LOS ANGELES — Before his team took the court Thursday night, Luke Walton said the Warriors’ execution had gotten sloppy of late. It was why they had a close game against Brooklyn just a few days before. However, the Warriors hadn’t paid a price yet, so he wasn’t sure the message to tighten things up was getting through to his team.
The Clippers sent the message loud and clear — they threw a haymaker at the start of Thursday night’s anticipated showdown. The Clippers were pressuring on defense, forcing stops, then converting those to easy buckets going the other way. Chris Paul came out on fire hitting midrange jumpers and threes, he started 7-of-7 and had 18 of the Clippers first 30 points, added on four assists, plus got a couple early fouls on Curry that forced him to the bench. The Clippers led by 23 at one point in the quarter. The Clippers were clearly the better team.
Yet the lead never felt comfortable. The Warriors needed a challenge, and the Clippers gave them one. The Warriors responded like NBA champions.
Make that the 13-0 Warriors as they came back to beat the Clippers 124-117 in a game that felt about as much like a playoff game as you are going to find in November. Stephen Curry led the way with 40 points for Golden State; Paul had 35 for Los Angeles.
“With six minutes to go in the first quarter, I told the guys ‘we got 42 minutes left in the game — that’s a lot of time,’” Draymond Green said. “We just continued to fight, and even when they were hitting everything, it still never felt like they were controlling the game. When it’s like that, you’ve got a shot at winning.”
This was not a comeback based on big runs by the Warriors — at least until the 22-5 one to close the game — it was them just being smart and chipping away. That 23 point lead was 14 at the half, and then just six by the end of three. By a few minutes into the fourth the lead had completely evaporated.
What Golden State did was tighten up the sloppy play Walton had talked about. In the first half the Clippers were contesting shots, tipping lazy Warriors passes, and challenging everything. However, the Clippers have struggled to sustain their defensive success this season (they are 24th in the league in defensive efficiency) and as the game wore on the Clippers were not getting out on shooters the same way — and they paid the price for that. Down the stretch, the Warriors shooters were getting good looks, and once the ball started popping and the Warriors are shooting in rhythm the Clippers had no chance.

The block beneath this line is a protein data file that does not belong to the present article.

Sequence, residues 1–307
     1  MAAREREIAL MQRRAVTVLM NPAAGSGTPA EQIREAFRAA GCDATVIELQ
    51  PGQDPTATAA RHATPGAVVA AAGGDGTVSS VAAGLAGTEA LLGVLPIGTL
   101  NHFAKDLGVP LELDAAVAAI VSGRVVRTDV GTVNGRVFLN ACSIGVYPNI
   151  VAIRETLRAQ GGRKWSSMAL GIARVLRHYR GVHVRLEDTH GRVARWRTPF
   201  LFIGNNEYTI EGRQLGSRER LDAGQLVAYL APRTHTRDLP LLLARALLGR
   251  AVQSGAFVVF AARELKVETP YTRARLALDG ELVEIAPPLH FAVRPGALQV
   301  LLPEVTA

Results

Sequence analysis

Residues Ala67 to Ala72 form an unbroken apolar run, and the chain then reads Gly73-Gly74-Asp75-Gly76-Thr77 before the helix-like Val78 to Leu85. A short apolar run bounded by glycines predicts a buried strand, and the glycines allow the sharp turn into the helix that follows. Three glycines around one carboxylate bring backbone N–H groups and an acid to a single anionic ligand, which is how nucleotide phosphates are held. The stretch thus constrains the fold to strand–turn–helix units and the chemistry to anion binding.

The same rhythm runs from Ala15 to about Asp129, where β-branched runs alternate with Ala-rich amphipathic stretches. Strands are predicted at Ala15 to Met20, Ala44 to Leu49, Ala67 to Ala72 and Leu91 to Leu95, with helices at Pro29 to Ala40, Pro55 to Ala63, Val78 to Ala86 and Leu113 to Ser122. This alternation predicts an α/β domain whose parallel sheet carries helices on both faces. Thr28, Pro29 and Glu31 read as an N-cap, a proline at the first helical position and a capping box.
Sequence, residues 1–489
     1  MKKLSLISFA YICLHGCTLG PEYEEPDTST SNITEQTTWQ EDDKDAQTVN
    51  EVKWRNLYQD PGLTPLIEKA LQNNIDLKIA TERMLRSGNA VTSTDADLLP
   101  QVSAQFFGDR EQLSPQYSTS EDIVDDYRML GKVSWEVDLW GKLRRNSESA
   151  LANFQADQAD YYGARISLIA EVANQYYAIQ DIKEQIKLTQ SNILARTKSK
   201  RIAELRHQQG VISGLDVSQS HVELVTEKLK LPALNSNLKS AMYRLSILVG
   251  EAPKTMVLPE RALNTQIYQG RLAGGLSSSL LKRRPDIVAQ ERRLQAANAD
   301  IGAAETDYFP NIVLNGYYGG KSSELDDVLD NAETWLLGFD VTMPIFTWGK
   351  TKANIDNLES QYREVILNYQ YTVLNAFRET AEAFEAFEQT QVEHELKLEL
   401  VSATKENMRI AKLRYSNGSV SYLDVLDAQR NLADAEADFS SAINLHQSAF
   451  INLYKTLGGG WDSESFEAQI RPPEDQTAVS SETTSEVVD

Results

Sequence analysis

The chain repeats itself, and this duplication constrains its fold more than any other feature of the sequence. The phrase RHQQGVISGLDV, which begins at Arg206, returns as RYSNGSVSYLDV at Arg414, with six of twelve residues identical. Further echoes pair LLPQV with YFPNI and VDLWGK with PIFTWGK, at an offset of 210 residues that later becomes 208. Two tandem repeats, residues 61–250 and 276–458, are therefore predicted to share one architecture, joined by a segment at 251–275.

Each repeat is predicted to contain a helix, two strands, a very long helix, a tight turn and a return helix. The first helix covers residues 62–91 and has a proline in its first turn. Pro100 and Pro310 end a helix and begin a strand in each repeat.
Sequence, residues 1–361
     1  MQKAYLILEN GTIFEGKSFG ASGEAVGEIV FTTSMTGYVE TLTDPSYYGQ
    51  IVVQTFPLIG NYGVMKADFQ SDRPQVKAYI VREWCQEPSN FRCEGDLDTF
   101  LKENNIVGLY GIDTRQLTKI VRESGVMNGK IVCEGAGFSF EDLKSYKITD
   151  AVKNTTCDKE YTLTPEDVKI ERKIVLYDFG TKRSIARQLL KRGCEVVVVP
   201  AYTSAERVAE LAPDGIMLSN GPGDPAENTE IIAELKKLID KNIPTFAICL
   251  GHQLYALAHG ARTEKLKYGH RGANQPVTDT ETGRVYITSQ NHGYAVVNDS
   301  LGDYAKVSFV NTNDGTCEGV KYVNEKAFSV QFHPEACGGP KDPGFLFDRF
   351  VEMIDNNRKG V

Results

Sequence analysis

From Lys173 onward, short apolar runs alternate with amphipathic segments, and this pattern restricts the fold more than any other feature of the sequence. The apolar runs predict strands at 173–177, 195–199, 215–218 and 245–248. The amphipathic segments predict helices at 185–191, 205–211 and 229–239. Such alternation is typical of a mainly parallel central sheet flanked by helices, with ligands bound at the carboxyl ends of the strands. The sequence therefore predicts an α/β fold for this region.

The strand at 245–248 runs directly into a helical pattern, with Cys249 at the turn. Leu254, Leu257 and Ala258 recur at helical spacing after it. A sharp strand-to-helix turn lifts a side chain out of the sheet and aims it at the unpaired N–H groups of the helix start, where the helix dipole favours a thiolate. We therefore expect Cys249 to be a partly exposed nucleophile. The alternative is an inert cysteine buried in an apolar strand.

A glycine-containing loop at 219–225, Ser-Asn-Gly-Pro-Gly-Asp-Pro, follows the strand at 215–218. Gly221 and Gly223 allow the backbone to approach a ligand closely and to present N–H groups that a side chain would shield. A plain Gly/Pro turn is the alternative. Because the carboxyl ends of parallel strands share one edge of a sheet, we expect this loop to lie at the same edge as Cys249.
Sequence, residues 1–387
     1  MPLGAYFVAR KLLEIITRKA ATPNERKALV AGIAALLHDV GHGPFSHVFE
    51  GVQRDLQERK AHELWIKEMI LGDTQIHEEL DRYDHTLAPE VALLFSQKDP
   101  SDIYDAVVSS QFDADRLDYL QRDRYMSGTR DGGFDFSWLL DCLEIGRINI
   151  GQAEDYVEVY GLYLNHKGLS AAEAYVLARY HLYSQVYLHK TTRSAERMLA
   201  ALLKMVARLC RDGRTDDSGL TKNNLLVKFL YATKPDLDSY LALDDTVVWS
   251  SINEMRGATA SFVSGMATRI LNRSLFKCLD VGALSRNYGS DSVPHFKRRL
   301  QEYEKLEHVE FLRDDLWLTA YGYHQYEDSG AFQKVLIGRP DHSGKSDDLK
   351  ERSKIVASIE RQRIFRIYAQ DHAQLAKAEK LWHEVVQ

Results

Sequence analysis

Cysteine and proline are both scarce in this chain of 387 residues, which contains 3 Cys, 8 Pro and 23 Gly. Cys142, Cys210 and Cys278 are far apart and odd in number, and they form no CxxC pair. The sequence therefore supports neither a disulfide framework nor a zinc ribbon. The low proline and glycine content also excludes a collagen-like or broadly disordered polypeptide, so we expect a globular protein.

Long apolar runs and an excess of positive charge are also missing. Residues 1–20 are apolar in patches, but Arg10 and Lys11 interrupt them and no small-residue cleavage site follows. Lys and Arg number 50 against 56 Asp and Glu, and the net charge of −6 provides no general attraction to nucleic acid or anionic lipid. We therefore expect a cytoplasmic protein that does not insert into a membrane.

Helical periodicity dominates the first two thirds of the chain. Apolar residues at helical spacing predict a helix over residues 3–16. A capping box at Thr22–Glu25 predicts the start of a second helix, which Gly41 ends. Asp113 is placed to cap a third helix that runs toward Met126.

“We finally got stops and stopped turning the ball over, which starts with me” Curry said of the comeback, and the fourth quarter in particular. “We know the recipe against the Clippers is that you can’t give them easy points. Whether they shoot well or not, that’s what fuels their offense — easy buckets in transition off of turnovers. In the first quarter we let it happen, and there was one little stretch in the fourth where their lead went from three to 10 just from our turnovers.
“Once we started getting good possessions on offense, then we got stops because we were able to set our defense and make it tough on them. Then we were able to make some shots and run away with it.”
The Warriors did what they do — what champions do. If they can knock off Chicago Friday night up in the Bay Area — that’s a tough back-to-back — the schedule opens up a little and the Warriors may not lose until we are well into December.
The Clippers also did what they do — not execute under pressure.
The Clippers with their athletic front line are built to make the Warriors pay for going small, with Draymond Green at the five. They didn’t. The Warriors played their small-ball lineup the final 5:40 of the game and were +17 with it. Griffin had just two shots and one point in the fourth quarter (he finished with 27 points).
“We have got to do a better job playing 48 minutes,” Paul Pierce said. “That’s two games in a row versus these guys where we had a double-digit lead in the fourth quarter. We have up our lead, so we have to do a better job on defense.”
“We had to make it tougher for them,” Paul said. “As the game went on, they got more and more comfortable. And for guys who can shoot like that, we can’t even give them the opportunity.”
“Down the stretch we just have to be a little more together,” Austin Rivers said. “It’s nobody’s fault, it’s all of us, it’s all of us. We have to trust each other more and to understand that it’s not ‘I have to make the big play,’ it’s we have to make this big play.”
The Clippers are saying all the right things. Of course, they did that last season, too.
The Warriors are doing all the right things. They also did that last season, and it worked out pretty well for them.